Via a NYT article
, via /.
The decasia site is Flash, the NYT article is words. The images are arresting.
The New York Times Dining section on pancakes.
Not just for Sunday morning breakfast anymore (like we didn't know that already). (reg. req'd, etc.)
As the United States builds up its combat power in the Horn of Africa, tiny Djibouti has emerged as the staging area for Washington's campaign against Al Qaeda and other terrorist groups in the region.
But Djibouti is also a telling example of a problem that has bedeviled the Bush administration's war on terror: the struggle to harmonize its own military goals with the needs of the countries in which it is operating.
Put simply, the administration seems to be better at taking the fight to its enemies than helping its friends.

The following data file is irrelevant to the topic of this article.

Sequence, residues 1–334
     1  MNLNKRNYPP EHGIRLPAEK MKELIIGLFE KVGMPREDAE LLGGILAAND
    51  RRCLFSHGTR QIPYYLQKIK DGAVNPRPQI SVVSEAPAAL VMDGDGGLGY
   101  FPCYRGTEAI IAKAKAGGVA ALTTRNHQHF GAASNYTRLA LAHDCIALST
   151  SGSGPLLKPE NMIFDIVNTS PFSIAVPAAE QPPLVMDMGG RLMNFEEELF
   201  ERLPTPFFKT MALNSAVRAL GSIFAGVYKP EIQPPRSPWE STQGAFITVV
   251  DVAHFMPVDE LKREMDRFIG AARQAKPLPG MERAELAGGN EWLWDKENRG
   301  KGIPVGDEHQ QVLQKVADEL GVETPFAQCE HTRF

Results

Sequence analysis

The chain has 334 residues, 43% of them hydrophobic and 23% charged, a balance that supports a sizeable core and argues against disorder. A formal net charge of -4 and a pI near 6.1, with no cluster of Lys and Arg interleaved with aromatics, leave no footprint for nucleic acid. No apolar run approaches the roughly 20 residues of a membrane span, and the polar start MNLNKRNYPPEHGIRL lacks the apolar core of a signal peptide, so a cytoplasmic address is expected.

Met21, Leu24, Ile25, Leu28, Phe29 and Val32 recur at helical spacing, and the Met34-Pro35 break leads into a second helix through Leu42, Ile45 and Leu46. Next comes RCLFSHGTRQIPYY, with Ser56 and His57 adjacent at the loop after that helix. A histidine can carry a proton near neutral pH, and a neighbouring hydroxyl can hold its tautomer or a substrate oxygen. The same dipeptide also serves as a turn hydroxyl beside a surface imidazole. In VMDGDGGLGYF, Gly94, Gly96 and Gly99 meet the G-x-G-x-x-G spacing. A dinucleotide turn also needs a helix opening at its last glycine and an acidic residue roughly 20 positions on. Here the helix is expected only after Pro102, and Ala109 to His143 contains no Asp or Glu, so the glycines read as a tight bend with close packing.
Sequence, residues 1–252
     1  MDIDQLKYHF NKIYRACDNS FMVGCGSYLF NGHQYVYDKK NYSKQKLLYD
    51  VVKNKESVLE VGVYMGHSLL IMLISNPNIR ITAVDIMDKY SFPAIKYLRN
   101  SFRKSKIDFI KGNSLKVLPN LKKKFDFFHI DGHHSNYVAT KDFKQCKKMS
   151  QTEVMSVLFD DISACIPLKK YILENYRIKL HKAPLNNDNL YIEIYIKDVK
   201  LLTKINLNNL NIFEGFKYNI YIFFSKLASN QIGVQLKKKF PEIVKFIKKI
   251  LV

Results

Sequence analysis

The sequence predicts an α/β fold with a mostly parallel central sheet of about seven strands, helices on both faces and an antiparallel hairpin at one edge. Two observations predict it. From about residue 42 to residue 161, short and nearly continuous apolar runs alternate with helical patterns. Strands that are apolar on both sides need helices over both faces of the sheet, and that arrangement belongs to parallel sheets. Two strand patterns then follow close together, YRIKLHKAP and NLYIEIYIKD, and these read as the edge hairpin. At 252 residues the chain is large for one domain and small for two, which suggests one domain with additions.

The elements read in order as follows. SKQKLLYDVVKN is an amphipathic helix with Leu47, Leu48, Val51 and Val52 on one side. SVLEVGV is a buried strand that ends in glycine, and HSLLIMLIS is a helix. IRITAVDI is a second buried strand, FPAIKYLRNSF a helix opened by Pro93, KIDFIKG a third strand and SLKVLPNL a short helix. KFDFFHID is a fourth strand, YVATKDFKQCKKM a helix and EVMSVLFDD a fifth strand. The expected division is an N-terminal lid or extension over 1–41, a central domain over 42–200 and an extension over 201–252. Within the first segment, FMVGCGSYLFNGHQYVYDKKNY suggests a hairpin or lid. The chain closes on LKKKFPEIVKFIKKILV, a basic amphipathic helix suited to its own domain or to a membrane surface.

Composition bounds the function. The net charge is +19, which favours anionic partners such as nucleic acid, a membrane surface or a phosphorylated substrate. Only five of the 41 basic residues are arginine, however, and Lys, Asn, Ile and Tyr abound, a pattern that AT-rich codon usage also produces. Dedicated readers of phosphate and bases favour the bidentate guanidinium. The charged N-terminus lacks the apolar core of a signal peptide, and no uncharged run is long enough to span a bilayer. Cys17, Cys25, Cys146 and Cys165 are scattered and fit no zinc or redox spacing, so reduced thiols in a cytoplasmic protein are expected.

Inside the JFK medical files.
Very interesting article from Sunday's NY Times (reg. req'd) about the long-term health of John F. Kennedy, from World War II to his death. Corresponding Yahoo News item here
also. [more inside...]
This Is a Headline For an Essay About Meta
(NY Times Magazine). A multi-aspect discussion of our favorite prefix, with a few appropriately cheeky observations. "The more high-minded it is, apparently, the easier it is for meta to annoy."
Pentagon Plans a Computer System That Would Peek at Personal Data of Americans
And this is justified because of National Security. We will lose much that is personal, private, but in turn we will be protefted against the bad guys. Or will we? When NASA and CIA claim they need to spy domestically, and computers gather all data on Americans, what is left that is not what Orwell had suggested might our future be like?Or, as Morth Sahl once labelled a comic record: TheFuture Lies Ahead."
: the first in a New York Times
series on class in the United States. Princeton economics professor Paul Krugman declares the death of the middle class, pointing out disparities between the rich and the poor, examining efforts to cover up class makeup with quantile data, and probing the transformation of corporate executive ethics and influence. Even Glenn Reynolds
is taken to task for his Sweden-Mississippi per capita GDP comparison. Krugman's sources